Unicycle hockey is somewhat unusual in the world of sport (and that’s ignoring the fact that it’s an entirely separate sport played on a completely unrelated wheeled vehicle!) in that it’s not like older sports that have historic variations and similar games that have evolved into the version we know today and it’s not like lots of other modern sports that have a clear, recorded start point.
In fact, nobody is entirely sure when or where unicycle hockey was first played or if it was even a real thing when it first showed up – the first record we know of was a short clip in the 1925 german silent movie Varieté which showed two of the actors riding unicycles around a stage and holding hockey sticks with two small goals at either end with a ‘ball’ that appears to be a rolled-up bundle of cloth.
The whole thing only lasts around 20 seconds and the players spend more time messing about with the goals and their hats than actually playing the game!
The scene the clip appears in is something of a circus medley with performers demonstrating a host of other circus skills so there’s no context to explain if this is even a game that people played or just a couple of circus unicyclists entertaining themselves between shows.
Unicycle Hockey – 1960’s-1970’s
The next public appearance of unicycle hockey was an article in the August 1960 edition of The Bicycle Journal where one of the members of the Albuquerque Unicycle Club tells us “Our activities consist of all types of racing, riding, basketball and unicycle hockey”
But once again, there’s no background info and no more details to help us find out if this is a bit of fun between club members or something with a wider network of players and teams. This does seem unlikely though as the Albuquerque Unicycle Club was the only known unicycle club in the US at the time.
There are passing mentions of unicycle hockey being played in Japan in the early 70’s but still without any real detail (or none that has survived until now at least) so the next major milestone in the sport is the founding of the first unicycle hockey club in 1976.
Wheel People was founded in California and is the first known unicycle hockey club and, while it may be the first known unicycle club, it’s certainly not the best known one as all we really know about the club is that it ran for around 10 years. No details on members, matches, rules, or anything really.
Unicycle Hockey – 1980’s -1990’s
Just like big hair, spandex, and scrunchies, unicycle hockey really started to gain popularity in the eighties with new clubs springing up around the world.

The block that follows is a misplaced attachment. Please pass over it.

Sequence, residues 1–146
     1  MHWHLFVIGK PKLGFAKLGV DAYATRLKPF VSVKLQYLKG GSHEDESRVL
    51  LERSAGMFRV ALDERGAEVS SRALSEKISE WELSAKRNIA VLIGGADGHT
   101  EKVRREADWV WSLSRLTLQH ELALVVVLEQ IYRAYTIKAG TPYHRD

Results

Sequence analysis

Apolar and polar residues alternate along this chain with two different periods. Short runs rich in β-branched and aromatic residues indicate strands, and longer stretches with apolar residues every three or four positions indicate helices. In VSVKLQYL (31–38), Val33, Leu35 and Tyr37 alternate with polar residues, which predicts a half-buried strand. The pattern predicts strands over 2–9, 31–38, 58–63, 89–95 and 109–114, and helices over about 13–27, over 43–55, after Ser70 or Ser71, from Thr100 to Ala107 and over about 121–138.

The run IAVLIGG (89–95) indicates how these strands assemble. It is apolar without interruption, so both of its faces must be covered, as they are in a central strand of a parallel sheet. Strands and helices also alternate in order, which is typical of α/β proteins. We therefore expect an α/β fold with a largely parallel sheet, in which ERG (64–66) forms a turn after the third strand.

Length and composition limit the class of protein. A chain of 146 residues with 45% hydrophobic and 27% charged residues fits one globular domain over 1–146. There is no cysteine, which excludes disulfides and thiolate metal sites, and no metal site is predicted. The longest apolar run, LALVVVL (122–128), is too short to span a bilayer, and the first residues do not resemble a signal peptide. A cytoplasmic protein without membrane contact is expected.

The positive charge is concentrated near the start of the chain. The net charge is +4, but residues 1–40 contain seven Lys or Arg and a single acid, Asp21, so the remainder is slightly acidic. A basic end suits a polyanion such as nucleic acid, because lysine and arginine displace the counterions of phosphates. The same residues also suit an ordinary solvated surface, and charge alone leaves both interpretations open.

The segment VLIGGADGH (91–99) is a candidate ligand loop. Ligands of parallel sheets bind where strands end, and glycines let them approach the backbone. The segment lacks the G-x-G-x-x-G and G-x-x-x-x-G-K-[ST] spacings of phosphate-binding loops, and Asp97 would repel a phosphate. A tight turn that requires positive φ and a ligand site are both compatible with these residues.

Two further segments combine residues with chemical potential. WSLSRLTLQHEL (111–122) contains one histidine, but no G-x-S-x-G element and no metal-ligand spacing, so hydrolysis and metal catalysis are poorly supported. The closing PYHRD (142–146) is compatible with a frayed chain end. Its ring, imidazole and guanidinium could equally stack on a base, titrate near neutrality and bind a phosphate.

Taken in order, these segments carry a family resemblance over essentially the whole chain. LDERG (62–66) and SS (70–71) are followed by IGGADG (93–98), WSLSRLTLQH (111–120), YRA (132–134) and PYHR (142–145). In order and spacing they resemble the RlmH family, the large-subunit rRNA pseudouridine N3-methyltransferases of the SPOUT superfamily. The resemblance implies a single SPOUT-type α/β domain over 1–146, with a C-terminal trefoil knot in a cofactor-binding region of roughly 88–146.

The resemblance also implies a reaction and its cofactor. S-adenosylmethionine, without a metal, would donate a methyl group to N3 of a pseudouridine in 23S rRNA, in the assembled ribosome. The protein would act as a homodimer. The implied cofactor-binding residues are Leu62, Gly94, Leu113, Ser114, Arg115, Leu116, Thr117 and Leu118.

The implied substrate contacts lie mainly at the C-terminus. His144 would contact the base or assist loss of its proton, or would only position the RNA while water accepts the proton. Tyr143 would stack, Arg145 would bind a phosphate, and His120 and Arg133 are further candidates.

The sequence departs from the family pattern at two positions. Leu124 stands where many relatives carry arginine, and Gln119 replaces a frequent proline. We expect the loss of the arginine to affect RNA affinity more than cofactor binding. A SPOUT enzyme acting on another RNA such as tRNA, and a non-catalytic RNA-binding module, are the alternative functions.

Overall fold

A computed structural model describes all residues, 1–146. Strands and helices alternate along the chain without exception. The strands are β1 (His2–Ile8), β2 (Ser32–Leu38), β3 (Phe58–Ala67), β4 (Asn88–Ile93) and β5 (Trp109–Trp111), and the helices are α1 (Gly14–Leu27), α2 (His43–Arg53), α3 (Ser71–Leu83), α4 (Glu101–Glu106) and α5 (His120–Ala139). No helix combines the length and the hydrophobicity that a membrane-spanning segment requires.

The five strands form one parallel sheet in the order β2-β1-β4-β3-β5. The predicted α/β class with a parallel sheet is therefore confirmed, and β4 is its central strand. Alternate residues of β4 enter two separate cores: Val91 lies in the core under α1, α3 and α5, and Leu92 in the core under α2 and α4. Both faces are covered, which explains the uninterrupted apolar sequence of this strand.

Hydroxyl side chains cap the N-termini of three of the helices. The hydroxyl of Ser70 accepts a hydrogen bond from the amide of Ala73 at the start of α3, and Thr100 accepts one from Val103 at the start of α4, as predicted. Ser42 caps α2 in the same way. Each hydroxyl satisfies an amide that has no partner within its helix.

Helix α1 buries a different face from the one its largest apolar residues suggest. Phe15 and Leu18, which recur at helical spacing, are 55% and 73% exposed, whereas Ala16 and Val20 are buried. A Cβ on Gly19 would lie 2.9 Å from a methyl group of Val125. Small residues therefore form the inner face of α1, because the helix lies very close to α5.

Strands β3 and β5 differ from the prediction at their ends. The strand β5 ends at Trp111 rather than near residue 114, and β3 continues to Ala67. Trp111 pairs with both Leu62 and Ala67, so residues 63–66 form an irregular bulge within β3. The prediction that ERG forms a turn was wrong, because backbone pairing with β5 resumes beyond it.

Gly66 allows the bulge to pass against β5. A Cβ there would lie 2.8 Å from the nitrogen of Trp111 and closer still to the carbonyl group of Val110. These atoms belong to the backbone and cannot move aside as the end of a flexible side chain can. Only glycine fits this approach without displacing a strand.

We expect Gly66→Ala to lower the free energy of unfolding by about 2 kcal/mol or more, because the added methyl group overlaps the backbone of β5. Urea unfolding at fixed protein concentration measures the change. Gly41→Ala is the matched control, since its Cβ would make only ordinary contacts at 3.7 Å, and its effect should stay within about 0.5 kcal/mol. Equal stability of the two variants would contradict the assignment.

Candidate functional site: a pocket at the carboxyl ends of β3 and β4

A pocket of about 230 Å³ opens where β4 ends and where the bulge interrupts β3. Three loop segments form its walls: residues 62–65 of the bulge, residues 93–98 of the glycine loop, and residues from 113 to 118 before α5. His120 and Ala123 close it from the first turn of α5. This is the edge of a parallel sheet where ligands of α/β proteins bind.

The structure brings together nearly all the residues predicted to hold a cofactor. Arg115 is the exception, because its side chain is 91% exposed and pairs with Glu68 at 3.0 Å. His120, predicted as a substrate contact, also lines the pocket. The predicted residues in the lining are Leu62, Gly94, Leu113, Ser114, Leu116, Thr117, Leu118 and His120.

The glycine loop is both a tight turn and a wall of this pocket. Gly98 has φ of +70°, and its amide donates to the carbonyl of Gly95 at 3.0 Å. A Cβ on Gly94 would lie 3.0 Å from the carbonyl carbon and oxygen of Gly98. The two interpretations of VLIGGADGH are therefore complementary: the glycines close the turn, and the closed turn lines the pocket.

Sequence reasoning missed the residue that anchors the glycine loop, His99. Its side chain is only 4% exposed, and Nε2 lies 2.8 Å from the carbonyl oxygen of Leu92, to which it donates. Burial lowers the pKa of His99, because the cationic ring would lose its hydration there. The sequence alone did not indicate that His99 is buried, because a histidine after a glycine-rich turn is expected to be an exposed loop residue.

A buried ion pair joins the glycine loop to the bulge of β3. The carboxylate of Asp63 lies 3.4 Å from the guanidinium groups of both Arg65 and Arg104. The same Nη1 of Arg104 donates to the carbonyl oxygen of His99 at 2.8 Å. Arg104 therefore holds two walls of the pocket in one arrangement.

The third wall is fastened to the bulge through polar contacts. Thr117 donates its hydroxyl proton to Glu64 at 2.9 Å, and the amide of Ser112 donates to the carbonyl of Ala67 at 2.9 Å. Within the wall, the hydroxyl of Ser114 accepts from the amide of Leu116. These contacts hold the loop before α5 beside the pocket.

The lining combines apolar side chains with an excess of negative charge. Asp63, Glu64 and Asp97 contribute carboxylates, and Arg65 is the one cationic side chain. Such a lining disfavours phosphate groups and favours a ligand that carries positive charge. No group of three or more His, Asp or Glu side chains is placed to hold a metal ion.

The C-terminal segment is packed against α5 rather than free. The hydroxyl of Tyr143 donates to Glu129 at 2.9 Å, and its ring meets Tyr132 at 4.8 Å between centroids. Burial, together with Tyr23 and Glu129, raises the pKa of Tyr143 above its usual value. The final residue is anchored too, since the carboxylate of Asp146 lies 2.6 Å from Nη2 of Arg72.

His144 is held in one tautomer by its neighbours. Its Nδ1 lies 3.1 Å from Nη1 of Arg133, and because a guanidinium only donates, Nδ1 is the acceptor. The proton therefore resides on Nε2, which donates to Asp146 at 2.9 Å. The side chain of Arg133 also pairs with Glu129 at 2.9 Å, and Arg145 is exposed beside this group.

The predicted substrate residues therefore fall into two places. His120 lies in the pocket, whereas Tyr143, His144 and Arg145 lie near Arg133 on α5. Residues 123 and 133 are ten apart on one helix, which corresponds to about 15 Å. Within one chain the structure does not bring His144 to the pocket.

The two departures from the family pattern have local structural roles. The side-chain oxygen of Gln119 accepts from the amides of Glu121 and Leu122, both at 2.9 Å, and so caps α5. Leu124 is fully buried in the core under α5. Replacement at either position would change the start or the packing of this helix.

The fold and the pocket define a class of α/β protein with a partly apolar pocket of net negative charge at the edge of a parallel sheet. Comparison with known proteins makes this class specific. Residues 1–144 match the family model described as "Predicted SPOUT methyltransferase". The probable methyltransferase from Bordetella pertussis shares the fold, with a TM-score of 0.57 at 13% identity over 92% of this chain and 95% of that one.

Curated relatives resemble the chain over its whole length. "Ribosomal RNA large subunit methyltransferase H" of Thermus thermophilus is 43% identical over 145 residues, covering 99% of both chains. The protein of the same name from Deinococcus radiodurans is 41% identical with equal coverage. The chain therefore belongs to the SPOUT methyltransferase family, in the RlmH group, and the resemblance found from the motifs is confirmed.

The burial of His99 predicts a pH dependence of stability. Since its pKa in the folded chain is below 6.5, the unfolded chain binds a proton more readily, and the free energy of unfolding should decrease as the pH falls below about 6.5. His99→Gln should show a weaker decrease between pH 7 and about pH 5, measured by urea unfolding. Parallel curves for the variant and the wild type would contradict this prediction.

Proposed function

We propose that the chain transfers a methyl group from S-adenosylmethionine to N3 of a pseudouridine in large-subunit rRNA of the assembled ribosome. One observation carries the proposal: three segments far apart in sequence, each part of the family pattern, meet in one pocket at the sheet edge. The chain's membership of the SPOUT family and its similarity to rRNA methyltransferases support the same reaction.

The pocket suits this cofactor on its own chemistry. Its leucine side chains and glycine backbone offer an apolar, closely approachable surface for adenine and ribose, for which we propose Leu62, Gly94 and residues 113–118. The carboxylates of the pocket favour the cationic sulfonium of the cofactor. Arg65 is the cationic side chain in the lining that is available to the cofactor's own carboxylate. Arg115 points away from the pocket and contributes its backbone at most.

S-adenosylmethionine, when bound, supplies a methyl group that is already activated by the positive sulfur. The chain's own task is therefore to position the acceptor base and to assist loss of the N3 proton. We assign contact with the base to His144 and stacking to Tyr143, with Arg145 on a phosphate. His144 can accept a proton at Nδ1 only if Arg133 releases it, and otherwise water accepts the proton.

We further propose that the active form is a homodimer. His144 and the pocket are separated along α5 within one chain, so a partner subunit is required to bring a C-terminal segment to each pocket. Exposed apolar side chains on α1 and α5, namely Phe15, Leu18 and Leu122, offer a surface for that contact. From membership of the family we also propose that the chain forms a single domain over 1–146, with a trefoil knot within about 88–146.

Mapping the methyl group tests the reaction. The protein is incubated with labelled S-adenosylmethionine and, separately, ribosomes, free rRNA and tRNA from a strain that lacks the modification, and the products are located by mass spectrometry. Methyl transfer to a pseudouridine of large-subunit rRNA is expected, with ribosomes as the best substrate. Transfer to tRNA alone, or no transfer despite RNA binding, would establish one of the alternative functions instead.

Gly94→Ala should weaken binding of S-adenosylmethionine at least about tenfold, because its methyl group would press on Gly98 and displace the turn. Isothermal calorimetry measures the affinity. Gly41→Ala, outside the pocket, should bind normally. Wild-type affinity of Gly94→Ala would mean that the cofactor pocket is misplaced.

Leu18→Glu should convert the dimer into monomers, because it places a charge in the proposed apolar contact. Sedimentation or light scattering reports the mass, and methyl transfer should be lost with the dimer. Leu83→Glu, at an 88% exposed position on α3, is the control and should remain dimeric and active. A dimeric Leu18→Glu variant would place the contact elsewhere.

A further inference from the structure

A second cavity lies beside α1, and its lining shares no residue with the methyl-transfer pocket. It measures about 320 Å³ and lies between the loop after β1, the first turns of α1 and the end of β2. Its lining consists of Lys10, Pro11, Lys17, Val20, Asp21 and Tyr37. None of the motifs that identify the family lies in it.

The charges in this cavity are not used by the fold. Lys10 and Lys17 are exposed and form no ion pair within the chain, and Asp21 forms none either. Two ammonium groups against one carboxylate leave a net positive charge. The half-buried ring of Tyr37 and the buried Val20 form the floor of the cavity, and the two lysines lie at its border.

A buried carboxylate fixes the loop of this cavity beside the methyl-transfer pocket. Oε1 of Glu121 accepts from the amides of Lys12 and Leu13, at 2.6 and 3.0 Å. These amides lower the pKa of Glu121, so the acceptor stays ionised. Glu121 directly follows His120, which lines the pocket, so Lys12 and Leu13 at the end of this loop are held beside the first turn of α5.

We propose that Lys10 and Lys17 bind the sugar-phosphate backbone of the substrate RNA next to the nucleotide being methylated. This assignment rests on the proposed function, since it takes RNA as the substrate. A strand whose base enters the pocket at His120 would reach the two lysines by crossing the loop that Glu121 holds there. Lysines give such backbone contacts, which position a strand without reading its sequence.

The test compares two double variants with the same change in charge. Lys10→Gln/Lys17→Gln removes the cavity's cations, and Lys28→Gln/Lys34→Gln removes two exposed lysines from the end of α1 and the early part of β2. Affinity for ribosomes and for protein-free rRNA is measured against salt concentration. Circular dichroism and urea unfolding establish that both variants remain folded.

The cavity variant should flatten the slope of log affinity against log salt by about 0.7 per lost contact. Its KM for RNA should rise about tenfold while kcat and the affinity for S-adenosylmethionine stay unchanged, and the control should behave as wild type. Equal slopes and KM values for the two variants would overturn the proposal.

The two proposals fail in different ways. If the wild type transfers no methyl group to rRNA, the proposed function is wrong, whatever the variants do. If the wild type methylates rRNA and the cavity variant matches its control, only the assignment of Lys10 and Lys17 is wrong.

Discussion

Germany saw its first club, LaHiMo, founded in 1985 and two British clubs were also formed towards the end of the decade. The first by workers of DM Engineering who manufactured DM Unicycles in Dorset and the second was LUNIS, based in north London.
This inevitably led to the first competitive unicycle hockey matches being played in the UK and the first national competition was held at Covent Garden in 1988, with LUNIS claiming victory.
The 1990’s saw even more adoption of the game across Europe with Switzerland joining the fun and a significant increase in players in Germany. By 1991 Germany had at least three teams and founded the first unicycle hockey league which was, and still is the largest in the world.
As popularity continued to rise, the first European Championships of unicycle hockey were held in September 1993 as part of the European Juggling Convention the was being hosted in Leeds, UK. LaHiMo took victory against LUNIS in the final but they didn’t do it without help – they couldn’t field a full compliment of players so they joined forces with players from another team, Tous En Piste, and the newly formed group, called LAHIMO en piste, went on to claim the title.
Hot on the heels of the first European Championship came the first World Championship as unicycle hockey was included at Unicon, the World Unicycling Convention and Championships, for the first time in 1994. Eight teams from Germany, Canada, Peurto Rico and USA competed with Germany taking home the title against USA in the final. 1994 was the 7th iteration of the biennial event and the hockey was clearly well received as it’s been included in every convention since.
Unicycle hockey has continued to grow steadily ever since and there are currently active teams in at least 16 countries around the world and an ever growing number of national leagues to match.
Germany has by far the biggest national league with over 70 teams registered, which unsurprisingly translates to regular success in international competitions.
Switzerland and Australia have the biggest leagues after Germany with 20 and 8 teams in them respectively and both nations are seeing the fruits of their strong domestic competitions with Switzerland winning the 2018 world championships at UNICON XIX and Australia claiming regular victories in the Asia-Pacific Unicycle Competition.
Interest continues to grow in this wacky and unusual sport and unicycle hockey is now a staple in several major international unicycling events such as the biennial APUC which welcomes competitors from up to 8 countries across Asia, Eurocycle which hosts the European championships and of course UNICON where players compete in the world championships.
Recent world events have obviously put the brakes on for most competitive sports but it’s clear to see that unicycle hockey is only going from strength to strength within the unicycling community. And as more teams and competitors from around the world take part in the ever-growing international competitions (UNICON alone has around 2000 participants) there seems to be no doubt that unicycle hockey will only get more and more popular – you could even say it’s due to experience ‘hockey stick growth’ in the near future…